Alliance coins with Ephesus, time of Caracalla—Temples of Artemis Leukophryene and Artemis Ephesia. (On the history, etc., of Magnesia, see O. Kern, op. cit., and Gründungsgeschichte von Magnesia, 1894.)
Metropolis, between Ephesus and Smyrna, began to coin bronze money during the first century B.C. Obv. Head of Kybele turreted o r Male head helmeted. Rev. ΜΗΤΡΟΠΟΛΙΤΩΝ often written in monogram:—Fulmen; Ares (?) or hero standing; Thyrsos-head. Magistrate 's name in nom. case (BMC Caria; Imhoof MG, 292; Imhoof KM, 82; Zur gr. u. röm. Münzk., 73).
Imperial. Augustus to Saloninus. Inscription, ΜΗΤΡΟΠΟΛЄΙΤΩΝ with frequent addition of ΤΩΝ ЄΝ ΙΩΝΙΑ. Magistrate 's name in nom. on coins of Augustus, and later in gen. with επι and title Strategos. Chief types: Kybele enthroned, sometimes fondling lion; Snake-entwined staff; Armed hero and Boule joining hands; Emperor between two armed heroes standing; Demeter standing; Zeus seated; ΑCΤΡΑΙΟC River-god; Tyche holding statue of armed hero; Agonistic crown containing palms referring to the Games CЄΒΑCΤΑ ΚΑΙCΑΡЄΑ; Artemis Ephesia; etc.
Miletus. This once great and commercial city was, with the exception perhaps of Sardes, the earliest place of mintage of the ancient world. We have the authority of Herodotus (i. 94) for attributing to the Lydians the invention of coining money, but the priority of the Lydian s can have been very brief, for it is to Miletus that a number of electrum coins of primitive style must be assigned, more especially those which bear the type of a lion with his head turned backwards, this being the characteristic type of the later coinage of Miletus. The normal weight of the Milesian electrum stater appears to have been about 220 grs. (so-called Phoenician standard). In addition to the following there are many other early electrum coins of various types which were probably struck at the Milesian mint.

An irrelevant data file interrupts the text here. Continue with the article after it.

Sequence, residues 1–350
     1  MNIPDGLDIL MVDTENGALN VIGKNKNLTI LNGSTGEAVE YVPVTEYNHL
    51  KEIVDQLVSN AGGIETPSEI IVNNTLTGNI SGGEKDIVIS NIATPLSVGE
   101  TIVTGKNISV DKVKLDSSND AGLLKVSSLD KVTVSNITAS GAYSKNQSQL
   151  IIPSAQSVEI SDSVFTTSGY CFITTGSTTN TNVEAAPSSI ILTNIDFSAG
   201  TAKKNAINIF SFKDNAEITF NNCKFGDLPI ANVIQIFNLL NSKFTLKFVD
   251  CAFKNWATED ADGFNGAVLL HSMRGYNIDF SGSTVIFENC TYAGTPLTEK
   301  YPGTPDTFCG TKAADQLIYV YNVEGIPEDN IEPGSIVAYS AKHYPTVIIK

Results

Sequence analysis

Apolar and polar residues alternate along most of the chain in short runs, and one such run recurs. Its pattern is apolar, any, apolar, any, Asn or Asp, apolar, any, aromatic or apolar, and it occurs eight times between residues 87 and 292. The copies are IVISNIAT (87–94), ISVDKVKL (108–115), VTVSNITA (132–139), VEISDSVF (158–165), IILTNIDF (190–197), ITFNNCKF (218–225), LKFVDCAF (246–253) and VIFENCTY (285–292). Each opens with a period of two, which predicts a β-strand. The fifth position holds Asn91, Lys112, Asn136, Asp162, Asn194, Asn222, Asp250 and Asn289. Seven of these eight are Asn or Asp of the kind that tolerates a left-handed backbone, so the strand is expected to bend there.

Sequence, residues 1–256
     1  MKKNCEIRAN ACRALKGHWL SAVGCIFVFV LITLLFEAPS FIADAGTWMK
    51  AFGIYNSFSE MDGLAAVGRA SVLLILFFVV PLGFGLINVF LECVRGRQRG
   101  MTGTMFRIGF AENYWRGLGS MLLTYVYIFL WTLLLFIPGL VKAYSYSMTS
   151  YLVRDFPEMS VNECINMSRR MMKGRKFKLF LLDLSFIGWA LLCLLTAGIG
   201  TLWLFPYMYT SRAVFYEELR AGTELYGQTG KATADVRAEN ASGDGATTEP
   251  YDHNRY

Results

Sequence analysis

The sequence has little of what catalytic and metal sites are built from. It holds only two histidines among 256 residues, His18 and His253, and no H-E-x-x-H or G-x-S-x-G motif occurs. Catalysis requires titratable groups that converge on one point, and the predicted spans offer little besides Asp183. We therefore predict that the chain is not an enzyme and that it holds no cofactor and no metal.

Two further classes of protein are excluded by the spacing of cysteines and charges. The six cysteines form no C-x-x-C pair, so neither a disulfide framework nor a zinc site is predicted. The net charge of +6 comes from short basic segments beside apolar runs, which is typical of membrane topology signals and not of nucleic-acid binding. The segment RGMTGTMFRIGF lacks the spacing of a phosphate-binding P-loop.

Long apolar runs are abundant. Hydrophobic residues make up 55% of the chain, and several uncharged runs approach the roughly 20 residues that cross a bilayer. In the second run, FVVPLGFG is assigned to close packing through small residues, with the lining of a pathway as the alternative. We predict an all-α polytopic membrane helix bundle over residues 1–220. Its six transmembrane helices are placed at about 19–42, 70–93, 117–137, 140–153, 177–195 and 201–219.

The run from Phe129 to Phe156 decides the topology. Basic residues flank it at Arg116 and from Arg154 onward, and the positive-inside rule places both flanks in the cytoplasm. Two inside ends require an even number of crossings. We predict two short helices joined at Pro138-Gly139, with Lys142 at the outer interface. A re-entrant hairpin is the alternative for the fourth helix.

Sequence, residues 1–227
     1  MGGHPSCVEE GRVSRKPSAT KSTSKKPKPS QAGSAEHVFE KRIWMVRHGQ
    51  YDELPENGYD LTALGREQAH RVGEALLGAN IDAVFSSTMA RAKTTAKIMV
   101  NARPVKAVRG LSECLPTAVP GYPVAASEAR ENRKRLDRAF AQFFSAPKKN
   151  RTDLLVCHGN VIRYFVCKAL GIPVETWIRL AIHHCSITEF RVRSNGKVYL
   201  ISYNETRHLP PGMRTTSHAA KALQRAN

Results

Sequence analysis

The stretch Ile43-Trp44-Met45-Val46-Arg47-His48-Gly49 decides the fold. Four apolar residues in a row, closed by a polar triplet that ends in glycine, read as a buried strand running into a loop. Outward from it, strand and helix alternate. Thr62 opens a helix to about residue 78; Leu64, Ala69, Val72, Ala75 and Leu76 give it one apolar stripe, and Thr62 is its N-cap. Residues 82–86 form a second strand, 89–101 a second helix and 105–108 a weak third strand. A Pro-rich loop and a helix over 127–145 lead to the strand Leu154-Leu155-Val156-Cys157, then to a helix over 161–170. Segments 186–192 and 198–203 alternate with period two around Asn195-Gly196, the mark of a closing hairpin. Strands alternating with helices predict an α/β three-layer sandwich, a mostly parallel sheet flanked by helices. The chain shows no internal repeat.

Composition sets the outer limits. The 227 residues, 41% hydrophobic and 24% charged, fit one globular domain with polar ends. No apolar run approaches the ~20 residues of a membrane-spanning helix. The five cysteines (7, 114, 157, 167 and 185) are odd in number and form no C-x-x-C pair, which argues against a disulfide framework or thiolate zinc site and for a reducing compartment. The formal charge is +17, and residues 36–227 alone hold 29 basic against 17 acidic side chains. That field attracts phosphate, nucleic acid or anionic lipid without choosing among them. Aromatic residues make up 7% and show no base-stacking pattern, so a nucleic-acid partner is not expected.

Seventh century B.C.
For smaller denominations which hardly admit of description, see the Plates in B. M. C., Ionia.
Of this early period there are no silver coins which can be assigned to Miletus. The oldest silver money conjecturally attributed to the city in the B. M. C., Ion., consists of staters of the Aeginetic standard:—
Sixth and Fifth centuries B.C.
The smaller denominations are coins of 32.4 and 19.3 grs. (Ibid., Pl. XXI. 3, 4).
With regard to these coins, here doubtfully assigned to Miletus, and as to the unexplained inscription ΟVΛ, see B. M. C., Ion., p. xxxv, and Babelon, Traité, p. 451, where they are classed among uncertain coins of one of the southern Aegaean islands.
Fourth century B.C.
In the Milesian territory, at a place called Didyma or Didymi, was the world-renowned oracle of Apollo Διδμευς or Διδμαιος. The emblems of this god were the lion and the sun, and it is quite possible that the earliest coins of Miletus which bore these sacred symbols may have been issued under the auspices of the Branchidae, as the priests of the Didymean Apollo were called. The temple was burnt by Darius in B.C. 494 (Hdt. vi. 19), and lay in ruins till the reign of Alexander the Great. After the siege of B.C. 334 the restored democracy determined to rebuild it: see Haussoullier, Milet et le Didymeion, Paris, 1902. It may well have been in connexion with the rebuilding of the temple that the following coin was issued:—